Biodiversity meet: agreements by set to be declared in Hyderabad
The fortnight long conglomeration of over 180 countries on which Rs 80 crore has been spent by India is set to deliver nine agreements to protect world's biodiversity with no funds likely to be available immediately. Chetan Chauhan reports.delhi Updated: Oct 18, 2012 19:20 IST
The fortnight long conglomeration of over 180 countries on which Rs 80 crore has been spent by India is set to deliver nine agreements to protect world's biodiversity with no funds likely to be available immediately.
Negotiations at Hyderabad have moved at a snail's pace on resource mobilization and financial mechanism to meet the Aichi targets for biodiversity with countries refusing to budge from their stated positions.
The working group on resource mobilization resumed its work on Thursday afternoon with regional consultation groups presenting a broad paper on the issue. The discussions are expected to continue till late in the night but experts don't expect the working group to bridge the wide gap between the rich and the developing world.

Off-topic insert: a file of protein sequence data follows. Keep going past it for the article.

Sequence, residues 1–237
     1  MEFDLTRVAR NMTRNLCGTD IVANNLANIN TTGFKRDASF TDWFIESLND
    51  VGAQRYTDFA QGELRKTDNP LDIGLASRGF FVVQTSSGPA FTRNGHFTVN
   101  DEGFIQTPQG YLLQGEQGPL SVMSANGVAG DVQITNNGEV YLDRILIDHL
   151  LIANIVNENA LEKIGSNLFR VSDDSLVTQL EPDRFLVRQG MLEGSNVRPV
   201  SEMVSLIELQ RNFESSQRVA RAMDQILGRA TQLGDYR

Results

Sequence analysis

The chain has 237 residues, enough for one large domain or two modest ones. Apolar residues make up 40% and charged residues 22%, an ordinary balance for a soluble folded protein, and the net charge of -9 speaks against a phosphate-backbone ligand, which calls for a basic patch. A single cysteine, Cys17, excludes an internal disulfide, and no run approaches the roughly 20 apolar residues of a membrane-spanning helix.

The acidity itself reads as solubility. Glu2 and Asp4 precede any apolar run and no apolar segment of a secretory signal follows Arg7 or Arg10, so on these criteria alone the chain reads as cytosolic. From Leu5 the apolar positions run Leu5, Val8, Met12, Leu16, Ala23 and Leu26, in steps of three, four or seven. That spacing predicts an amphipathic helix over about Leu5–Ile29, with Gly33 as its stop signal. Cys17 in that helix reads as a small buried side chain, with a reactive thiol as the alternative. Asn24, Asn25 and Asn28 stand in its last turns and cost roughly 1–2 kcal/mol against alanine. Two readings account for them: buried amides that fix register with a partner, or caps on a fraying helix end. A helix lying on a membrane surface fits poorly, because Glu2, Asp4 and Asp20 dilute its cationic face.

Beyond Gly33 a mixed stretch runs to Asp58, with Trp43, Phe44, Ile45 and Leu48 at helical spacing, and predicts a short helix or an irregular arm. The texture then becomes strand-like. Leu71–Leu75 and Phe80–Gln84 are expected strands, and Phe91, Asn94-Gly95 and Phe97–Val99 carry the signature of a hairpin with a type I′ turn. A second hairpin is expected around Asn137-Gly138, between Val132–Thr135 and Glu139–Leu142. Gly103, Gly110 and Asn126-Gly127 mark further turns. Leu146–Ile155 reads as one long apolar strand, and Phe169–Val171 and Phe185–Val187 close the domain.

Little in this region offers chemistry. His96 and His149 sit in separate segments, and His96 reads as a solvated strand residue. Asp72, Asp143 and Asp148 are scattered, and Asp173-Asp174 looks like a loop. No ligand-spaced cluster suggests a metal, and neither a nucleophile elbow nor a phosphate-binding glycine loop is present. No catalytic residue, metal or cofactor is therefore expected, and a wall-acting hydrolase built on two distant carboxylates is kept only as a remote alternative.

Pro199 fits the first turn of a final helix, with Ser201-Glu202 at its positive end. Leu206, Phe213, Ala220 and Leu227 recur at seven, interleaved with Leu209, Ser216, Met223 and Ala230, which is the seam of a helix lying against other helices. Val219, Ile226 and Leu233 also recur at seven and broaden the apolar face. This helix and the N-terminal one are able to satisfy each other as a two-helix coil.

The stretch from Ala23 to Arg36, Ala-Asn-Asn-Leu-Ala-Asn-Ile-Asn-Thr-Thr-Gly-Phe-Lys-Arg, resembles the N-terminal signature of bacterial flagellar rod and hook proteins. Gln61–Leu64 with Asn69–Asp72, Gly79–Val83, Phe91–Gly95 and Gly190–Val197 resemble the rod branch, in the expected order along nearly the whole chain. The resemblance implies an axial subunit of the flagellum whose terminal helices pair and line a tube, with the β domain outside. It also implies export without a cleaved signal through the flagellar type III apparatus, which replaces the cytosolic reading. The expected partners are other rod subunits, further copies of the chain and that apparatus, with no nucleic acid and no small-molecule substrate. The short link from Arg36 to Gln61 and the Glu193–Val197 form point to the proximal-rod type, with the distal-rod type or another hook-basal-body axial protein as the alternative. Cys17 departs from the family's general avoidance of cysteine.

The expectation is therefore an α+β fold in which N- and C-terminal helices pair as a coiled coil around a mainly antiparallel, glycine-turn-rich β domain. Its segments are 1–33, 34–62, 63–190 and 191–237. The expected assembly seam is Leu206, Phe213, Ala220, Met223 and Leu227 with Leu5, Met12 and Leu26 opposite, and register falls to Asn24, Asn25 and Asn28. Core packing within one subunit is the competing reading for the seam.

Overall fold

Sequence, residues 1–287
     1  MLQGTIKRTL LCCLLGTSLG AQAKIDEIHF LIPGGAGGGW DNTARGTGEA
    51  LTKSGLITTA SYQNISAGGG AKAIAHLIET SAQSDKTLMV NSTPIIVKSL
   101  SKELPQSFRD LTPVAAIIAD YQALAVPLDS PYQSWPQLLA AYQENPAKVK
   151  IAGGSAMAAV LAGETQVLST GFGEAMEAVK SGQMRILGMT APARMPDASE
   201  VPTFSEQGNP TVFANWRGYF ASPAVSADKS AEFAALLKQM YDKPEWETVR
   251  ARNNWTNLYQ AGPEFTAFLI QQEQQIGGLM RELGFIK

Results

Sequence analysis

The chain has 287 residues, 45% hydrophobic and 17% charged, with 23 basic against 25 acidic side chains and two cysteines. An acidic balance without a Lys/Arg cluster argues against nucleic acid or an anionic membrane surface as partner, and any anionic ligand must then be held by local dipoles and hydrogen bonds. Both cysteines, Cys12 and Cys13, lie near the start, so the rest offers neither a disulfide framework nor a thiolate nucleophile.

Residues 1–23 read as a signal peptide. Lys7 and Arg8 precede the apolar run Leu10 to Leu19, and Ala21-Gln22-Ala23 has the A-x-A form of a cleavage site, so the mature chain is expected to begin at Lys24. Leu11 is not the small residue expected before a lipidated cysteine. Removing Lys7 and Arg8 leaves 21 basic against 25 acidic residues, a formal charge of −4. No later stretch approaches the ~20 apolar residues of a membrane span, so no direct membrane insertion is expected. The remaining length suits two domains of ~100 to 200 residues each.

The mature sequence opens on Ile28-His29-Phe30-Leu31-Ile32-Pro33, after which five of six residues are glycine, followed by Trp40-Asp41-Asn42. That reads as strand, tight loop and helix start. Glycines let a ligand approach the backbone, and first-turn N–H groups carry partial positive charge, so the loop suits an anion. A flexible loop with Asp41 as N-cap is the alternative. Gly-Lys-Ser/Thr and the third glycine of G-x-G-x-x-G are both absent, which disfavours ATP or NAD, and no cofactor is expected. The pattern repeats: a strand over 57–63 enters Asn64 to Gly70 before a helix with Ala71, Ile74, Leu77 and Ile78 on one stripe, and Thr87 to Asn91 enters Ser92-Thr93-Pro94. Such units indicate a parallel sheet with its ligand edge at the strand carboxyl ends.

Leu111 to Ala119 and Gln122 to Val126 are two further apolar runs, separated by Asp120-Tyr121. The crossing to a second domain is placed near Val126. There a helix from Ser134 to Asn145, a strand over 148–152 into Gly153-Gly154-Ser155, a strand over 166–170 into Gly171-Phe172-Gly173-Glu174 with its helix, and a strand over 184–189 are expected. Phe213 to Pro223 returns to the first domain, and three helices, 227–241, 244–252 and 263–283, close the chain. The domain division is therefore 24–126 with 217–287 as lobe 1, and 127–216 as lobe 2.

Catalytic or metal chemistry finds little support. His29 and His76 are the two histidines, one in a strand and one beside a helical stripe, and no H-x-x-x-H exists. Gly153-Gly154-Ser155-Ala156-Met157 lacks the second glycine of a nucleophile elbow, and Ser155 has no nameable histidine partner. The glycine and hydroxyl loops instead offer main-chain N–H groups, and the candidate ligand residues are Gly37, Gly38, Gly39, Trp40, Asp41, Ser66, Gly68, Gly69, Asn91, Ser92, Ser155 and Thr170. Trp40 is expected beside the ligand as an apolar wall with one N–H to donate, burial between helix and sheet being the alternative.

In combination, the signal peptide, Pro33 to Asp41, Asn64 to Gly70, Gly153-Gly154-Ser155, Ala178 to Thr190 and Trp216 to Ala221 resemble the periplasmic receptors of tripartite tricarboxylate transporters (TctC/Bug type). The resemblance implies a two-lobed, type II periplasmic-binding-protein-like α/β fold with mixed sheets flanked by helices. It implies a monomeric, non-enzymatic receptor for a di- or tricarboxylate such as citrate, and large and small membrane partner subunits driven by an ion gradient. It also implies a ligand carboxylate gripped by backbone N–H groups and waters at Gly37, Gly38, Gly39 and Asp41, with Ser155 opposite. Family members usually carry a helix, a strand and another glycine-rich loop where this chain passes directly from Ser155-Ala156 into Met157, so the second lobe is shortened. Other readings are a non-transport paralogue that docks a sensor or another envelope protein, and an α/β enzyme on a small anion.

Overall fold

The 11th conference was expected to simultaneously provide money for saving biodiversity and a financial mechanism to utilize the funds. The rich nations led by European Union, Japan and Canada had blocked any move towards consensus forcing India to look for a political declaration on Friday.
"The wording of the declaration is being worked out," a government official said, admitting that it will not mention any commitment on the amount of finances. India is seeking a commitment from the developed world to double its funding for biodiversity protection by 2015 once the baseline for the funds required is finalised.
The African group has come up as a champion for the cause of biodiversity and the poor living in Africa saying that the developing world was doing its bit but the rich nations were walking away from their responsibility to pay for the cause.
Namibia strongly advocated the need for the developing world to specifically allocate money for meeting interim targets that have to be completed by 2020.
India has so far not been able to clear the logjam and take the negotiations forward. "Expecting a positive result from the conference is too big a goal to achieve in Hyderabad," said a negotiator from a developing country.
The working groups have so far delivered documents on guidelines for plant conservation, biofuels and biodiversity, incentive measures, marine ecosystem and taxonomy for consideration of the final plenary to start on Friday.
"There are only minor differences on these issues and I am confident that they would be adopted at the plenary," said the official spokesperson for Convention of Biological Diversity (CBD), the UN body providing secretarial services for the conference.